Case Study:


I never work for free, and I refuse to enter design competitions - it devalues designers and the hard work we put into projects, our businesses and careers - but it's important to pay it forwards sometimes and my involvement in the branding of pug.js - an html templating language - was an opportunity for me to give something back to the tech community. Albeit a small niche corner...

I saw, randomly on Twitter I suppose - that's where most random things pop up - a call for logos for the Pug project following its forced renaming. It used to be called Jade, but then a longstanding software company pointed out that they owned a trademark and TL;DR it's now called Pug.

I got to work on my first draft. It was very much a first draft.

Yeah, so it looks like a bear. There's a reason why we have first drafts and rounds of changes.

The logo design process was a competition, and other users got involved. Some of the logos were - I won't mince words - just plain awful, and others were very well drawn but they were illustrations and not logos.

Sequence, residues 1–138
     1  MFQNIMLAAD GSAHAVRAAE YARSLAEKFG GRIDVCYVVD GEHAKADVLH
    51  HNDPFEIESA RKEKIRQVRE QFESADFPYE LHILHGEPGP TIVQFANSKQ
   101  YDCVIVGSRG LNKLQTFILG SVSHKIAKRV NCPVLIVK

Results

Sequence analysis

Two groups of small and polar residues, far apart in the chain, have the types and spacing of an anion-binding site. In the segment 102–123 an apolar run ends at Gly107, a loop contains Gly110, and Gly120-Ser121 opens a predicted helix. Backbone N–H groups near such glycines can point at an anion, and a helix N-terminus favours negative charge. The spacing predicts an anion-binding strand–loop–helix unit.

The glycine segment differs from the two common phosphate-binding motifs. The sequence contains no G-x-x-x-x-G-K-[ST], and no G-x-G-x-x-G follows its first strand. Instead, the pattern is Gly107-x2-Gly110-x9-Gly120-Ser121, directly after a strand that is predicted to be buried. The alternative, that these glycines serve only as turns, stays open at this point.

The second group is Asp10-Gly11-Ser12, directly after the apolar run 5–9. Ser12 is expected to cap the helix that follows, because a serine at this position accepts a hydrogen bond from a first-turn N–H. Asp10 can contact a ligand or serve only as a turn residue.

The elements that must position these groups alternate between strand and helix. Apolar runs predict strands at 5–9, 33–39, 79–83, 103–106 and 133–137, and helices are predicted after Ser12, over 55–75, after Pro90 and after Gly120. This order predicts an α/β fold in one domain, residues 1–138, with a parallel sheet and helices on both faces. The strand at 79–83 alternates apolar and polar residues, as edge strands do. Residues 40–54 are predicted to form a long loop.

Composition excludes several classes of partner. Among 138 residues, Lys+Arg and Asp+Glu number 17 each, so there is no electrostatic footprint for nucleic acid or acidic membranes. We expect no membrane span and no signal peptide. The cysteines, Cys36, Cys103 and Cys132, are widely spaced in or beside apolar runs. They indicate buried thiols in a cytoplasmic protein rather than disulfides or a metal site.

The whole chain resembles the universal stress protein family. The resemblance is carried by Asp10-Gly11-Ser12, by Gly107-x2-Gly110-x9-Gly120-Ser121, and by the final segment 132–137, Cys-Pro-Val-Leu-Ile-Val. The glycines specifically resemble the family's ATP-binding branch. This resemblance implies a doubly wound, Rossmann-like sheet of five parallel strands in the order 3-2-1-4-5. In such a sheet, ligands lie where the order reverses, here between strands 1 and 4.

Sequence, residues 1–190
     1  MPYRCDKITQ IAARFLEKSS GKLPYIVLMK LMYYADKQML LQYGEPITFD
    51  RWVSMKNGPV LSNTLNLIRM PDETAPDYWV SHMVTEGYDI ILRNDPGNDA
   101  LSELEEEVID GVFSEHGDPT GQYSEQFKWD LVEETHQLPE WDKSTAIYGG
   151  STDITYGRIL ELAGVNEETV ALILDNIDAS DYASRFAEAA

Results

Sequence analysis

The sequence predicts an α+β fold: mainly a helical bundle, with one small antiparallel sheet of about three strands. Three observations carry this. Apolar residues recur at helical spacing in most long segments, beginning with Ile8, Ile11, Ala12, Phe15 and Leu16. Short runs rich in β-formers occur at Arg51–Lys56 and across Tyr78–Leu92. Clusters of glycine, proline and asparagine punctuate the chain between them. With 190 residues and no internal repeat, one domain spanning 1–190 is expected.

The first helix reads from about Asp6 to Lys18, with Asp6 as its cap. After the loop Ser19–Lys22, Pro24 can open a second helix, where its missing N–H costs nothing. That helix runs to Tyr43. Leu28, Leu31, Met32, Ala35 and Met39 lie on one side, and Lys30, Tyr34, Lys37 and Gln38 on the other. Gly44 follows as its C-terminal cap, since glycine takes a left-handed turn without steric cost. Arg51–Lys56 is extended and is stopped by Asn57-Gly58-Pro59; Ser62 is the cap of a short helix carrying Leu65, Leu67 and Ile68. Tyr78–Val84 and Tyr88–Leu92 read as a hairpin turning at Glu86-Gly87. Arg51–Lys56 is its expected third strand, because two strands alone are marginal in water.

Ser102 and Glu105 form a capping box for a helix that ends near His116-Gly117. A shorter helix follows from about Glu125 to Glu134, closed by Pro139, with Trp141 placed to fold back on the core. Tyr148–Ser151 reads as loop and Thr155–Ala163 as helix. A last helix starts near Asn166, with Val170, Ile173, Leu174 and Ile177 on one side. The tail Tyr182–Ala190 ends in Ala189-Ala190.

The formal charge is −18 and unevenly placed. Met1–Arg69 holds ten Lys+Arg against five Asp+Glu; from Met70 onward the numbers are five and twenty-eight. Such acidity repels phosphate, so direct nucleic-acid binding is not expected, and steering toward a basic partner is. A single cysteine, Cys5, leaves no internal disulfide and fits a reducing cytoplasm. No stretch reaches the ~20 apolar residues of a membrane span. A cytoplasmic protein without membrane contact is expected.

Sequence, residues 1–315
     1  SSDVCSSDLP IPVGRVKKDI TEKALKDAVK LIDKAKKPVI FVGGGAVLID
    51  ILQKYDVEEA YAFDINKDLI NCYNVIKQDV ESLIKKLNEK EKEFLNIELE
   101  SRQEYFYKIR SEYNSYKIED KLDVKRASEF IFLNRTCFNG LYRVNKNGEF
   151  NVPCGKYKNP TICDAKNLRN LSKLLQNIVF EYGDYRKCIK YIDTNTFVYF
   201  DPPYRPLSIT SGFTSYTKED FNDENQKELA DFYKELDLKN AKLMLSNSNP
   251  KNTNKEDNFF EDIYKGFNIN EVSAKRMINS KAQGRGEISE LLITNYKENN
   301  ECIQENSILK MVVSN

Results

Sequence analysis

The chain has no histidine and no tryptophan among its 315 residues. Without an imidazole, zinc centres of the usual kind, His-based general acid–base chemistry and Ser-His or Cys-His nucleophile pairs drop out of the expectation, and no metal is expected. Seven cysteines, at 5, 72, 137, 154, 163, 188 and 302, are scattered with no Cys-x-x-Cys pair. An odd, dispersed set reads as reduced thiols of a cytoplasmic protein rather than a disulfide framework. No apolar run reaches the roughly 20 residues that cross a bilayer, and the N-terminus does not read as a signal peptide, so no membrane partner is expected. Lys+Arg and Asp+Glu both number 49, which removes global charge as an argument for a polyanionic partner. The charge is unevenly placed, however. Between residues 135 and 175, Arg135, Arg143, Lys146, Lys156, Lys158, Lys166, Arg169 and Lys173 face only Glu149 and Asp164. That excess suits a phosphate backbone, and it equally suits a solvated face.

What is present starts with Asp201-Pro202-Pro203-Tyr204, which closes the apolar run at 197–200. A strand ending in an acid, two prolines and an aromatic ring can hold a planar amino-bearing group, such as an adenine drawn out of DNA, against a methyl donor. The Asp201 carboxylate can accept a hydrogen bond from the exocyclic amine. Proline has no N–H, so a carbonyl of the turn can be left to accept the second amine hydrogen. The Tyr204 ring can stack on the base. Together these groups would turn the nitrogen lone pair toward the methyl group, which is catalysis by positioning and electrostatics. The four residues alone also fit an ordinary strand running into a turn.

Logos need to work in a very particular way - representative, and not illustrative - and that's what I had in mind with my vision for the Pug brand. All the pieces were there, It just needed to a little bit more like a Pug, and not the beloved children's television puppet, Sooty.

So to Google I went, and thankfully people like pugs, so there were reference images galore.

It was important for the logo to work under any conditions. Contrast studies like this help to demonstrate if a concept will still be recognisable as it is stripped down.

The wrinkles, the triangular ears, the sad little face, I worked hard to preserve all the things that make a pug a pug and I believe I succeeded.

I won (so to speak) the competition and my logo has been used by the project for the past 6 years.

Working for "exposure" is a real issue in the design community and one that doesn't appear to be going away any time soon. The difference with this project is that I chose to be involved and that I was also looking for no exposure whatsoever. I was simply happy to use my skills to benefit a software that had greatly aided me in my career by reducing the time needed for coding in my projects back then.

No one was taking advantage or being taken advantage of. A very important distinction.